Do milk, honey, and other similar animal products contain significant amounts of DNA?
November 8, 2011 10:01 AM   Subscribe

Okay - I admit I didn't pay as much attention in biology class as I should have. Can someone tell me whether or not animal products such as milk and honey contain significant amounts of DNA? I have a friend who thinks people who talk about eating food that's "free of chemicals" are hysterical, because of course all food is made up of chemicals. But she takes it a step farther and asks if they've tried DNA-free food as well, which brings me to my point. I suggested things like milk and honey, which are secreted by animals, might by considered DNA-free. Her reaction was shock and dismay that I was ignorant of the (to her) common knowledge that those things do, in fact, contain DNA. I mean, I'll buy that maybe they contain some stray particles of DNA - like (I believe) our saliva does, but are they, or are they not, made of DNA?
posted by Death by Ugabooga to Science & Nature (30 answers total) 6 users marked this as a favorite
 
Honey has pollen in it, which has DNA. Milk has lots of cells in it, bacteria, white blood cells and so forth.

All natural food has DNA. Chemicals like salt wouldn't. Really pure sugar wouldn't have any. But almost everything else would.
posted by empath at 10:07 AM on November 8, 2011 [3 favorites]


Yes, there is quite a bit of cellular DNA in milk, both from bacteria and dead epithelial and other cells that were shed from the animal that was milked. Don't know anything about honey. Gross detail, there are quite a few dead human cells in, ahem, boogers as well (100,000 to 1,000,000 per ml), in addition to bacterial cells, and it is not difficult to extract their DNA.
posted by halogen at 10:07 AM on November 8, 2011


I don't understand your question. There's no such thing as "DNA-free food."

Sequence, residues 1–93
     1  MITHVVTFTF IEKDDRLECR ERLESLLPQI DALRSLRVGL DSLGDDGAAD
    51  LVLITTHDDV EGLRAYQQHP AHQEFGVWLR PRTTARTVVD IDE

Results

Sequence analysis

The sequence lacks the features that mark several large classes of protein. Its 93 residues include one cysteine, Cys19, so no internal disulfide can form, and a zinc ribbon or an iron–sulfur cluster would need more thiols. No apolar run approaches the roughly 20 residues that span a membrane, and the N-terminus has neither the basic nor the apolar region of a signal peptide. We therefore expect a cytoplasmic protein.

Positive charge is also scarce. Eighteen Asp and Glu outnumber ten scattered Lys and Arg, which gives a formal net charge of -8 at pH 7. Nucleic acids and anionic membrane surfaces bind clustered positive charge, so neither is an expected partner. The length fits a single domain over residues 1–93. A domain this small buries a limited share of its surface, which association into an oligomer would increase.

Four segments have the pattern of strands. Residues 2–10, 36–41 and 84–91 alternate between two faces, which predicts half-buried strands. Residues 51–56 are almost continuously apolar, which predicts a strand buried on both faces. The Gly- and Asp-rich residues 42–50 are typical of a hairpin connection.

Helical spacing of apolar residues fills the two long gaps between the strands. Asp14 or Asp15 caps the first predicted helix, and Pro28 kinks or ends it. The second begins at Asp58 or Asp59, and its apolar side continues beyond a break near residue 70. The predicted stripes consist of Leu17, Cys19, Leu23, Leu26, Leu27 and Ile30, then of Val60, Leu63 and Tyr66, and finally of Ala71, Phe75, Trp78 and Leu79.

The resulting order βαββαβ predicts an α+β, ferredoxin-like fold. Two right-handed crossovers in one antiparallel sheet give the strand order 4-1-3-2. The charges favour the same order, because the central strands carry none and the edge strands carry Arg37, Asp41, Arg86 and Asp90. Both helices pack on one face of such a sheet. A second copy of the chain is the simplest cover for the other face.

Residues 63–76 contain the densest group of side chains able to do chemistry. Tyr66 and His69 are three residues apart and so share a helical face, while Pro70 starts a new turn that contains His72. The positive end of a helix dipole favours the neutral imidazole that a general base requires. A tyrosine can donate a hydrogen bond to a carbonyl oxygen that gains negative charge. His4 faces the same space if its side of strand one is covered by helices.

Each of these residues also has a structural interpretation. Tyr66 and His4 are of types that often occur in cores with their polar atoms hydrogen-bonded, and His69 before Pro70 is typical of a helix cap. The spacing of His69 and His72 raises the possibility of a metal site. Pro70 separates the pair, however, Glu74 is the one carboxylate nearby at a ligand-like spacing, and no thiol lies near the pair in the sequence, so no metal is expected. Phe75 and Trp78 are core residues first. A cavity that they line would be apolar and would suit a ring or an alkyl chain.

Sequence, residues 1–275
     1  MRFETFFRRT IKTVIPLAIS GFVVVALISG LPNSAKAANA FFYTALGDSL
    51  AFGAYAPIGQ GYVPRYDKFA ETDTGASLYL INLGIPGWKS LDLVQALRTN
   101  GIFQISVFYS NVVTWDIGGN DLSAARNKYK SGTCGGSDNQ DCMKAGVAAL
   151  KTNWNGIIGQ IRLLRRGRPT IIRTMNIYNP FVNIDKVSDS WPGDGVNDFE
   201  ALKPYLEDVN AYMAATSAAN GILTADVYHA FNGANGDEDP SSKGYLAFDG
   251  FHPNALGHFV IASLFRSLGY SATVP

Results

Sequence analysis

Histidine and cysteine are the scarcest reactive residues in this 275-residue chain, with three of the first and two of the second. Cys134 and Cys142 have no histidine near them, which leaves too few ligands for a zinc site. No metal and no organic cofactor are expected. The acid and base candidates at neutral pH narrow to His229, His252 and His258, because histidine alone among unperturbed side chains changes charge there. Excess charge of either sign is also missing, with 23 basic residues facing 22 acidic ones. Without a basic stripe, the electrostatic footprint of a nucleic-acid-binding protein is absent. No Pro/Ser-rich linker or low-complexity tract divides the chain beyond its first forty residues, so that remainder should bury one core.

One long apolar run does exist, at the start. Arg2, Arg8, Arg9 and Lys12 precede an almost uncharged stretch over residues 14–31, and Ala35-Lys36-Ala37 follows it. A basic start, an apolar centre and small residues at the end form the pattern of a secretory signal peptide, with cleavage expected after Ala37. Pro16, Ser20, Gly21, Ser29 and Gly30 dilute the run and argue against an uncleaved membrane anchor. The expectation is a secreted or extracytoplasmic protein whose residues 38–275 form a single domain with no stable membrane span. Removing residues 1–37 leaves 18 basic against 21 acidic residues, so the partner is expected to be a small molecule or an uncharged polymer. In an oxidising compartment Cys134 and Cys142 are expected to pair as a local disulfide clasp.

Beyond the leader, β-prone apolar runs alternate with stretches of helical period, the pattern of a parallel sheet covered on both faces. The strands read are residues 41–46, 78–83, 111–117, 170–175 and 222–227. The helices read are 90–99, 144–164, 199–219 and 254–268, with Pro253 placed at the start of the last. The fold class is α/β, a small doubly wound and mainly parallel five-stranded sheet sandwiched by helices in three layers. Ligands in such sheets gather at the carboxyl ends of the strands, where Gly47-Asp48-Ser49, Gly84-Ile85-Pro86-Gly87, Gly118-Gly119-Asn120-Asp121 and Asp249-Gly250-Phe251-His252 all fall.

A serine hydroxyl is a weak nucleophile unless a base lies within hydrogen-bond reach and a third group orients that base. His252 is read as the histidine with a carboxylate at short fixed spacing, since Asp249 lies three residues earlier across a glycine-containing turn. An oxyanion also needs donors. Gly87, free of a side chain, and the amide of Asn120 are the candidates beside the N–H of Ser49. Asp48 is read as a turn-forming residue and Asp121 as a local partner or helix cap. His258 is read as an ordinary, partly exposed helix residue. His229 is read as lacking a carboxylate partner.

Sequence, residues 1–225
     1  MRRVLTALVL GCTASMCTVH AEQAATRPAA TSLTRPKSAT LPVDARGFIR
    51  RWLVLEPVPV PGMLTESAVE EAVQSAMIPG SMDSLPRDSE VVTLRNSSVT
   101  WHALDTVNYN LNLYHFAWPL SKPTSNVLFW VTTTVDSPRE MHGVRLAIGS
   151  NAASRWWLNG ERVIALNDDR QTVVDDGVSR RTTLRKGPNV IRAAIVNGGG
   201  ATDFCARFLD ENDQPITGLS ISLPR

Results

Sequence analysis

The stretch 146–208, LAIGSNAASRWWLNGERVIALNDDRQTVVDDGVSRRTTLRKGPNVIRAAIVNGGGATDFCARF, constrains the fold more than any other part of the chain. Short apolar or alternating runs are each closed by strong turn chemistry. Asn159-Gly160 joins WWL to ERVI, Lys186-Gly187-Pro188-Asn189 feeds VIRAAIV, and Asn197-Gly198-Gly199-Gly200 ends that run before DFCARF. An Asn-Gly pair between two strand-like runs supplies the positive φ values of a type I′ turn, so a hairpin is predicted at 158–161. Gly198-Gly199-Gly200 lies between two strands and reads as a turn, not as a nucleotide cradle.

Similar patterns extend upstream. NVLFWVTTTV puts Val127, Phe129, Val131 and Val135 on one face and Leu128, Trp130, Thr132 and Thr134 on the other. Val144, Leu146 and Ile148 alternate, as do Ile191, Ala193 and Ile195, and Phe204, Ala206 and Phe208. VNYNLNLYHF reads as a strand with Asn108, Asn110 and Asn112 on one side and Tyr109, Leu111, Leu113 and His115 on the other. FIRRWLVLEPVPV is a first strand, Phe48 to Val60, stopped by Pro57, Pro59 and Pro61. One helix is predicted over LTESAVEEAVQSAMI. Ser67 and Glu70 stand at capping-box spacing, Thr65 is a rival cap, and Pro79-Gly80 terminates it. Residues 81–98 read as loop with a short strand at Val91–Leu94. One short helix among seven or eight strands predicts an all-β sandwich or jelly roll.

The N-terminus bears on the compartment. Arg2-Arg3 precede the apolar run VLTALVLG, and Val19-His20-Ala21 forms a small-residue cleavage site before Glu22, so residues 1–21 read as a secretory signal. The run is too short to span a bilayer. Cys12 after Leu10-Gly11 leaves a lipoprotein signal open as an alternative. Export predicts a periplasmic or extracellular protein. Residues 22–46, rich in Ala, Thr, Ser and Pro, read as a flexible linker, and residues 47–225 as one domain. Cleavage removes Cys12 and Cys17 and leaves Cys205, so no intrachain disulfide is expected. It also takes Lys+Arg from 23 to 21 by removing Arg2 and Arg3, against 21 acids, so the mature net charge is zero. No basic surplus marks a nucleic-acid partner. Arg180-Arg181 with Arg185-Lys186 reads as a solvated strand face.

Some ingredients used in food (salt, alcohol) have no DNA. But all plant, animal, and fungal matter contains DNA.
posted by dfriedman at 10:09 AM on November 8, 2011 [5 favorites]


Actually, fats and oils wouldn't have very much DNA depending on how processed they are. Really filtered juice probably wouldn't have very much DNA, either.
posted by empath at 10:10 AM on November 8, 2011


Cells (except, for example, red blood cells) contain DNA. Everything alive is made out of cells. Anything you eat that is or was alive (which is most things, I'd hope) is made out of cells, which contain DNA.

I don't like to buy into food hype, but your friend is either not too bright or else deliberately misunderstanding the point being made when people talk about "chemical-free" food - they mean artificial, added chemicals, like pesticides or fungicides or growth hormone or what have you; everything on earth is made out of some kind of chemical.
posted by krakenattack at 10:11 AM on November 8, 2011 [9 favorites]


Nothing is "made" of DNA -- DNA is something that is inside cells. Almost all cells (not cells that don't have a nucleus, such as red blood cells, but basically all other cells). So every single cell of you, or of a plant, or of a cow, contains DNA. So if any part of the animal or plant or fungus or whatever makes it into the food (with milk, for example, there is, as empath points out, at least white blood cells and bacteria in milk), you're eating DNA.
posted by brainmouse at 10:12 AM on November 8, 2011 [1 favorite]


I'll buy that maybe they contain some stray particles of DNA - like (I believe) our saliva does, but are they, or are they not, made of DNA?

I should point out, btw, that even a steak or a potato isn't 'made out of DNA'. DNA is a tiny fraction of the material in any cell.
posted by empath at 10:14 AM on November 8, 2011 [5 favorites]


Almost all eukaryotic cells have DNA in them. Milk and honey are made up of eukaryotic cells.
posted by ellF at 10:16 AM on November 8, 2011 [1 favorite]


Milk and honey are made up of eukaryotic cells.

They *contain* eukaryotic (and prokaryotic actually) cells but they aren't "made up of" them. Both milk and honey are primarily extra-cellular secretions.

But yeah, you could totally genotype the cow the milk came from or the flowers used to make the honey just based on the DNA in there (assuming you got all the other technical details worked out).
posted by shelleycat at 10:22 AM on November 8, 2011 [2 favorites]


To be clearer, all plant and animal cells contain DNA. It's a nucleic acid, which is a type of molecule.

The hierarchy goes like this: atom --> molecule --> organelle --> cell --> tissue --> and so forth. Each level is made up of groups of the previous level. (There are further hierarchical breakdowns within these levels.)

(See Wikipedia's succinct breakdown of biological organization.)
posted by desuetude at 10:29 AM on November 8, 2011


Sure, there are DNA-free (or mostly DNA-free) foods: soft drinks, many candies (boiled sweets, gummy bears, etc...). I wouldn't be surprised is some fruit roll-up products are DNA-free as well.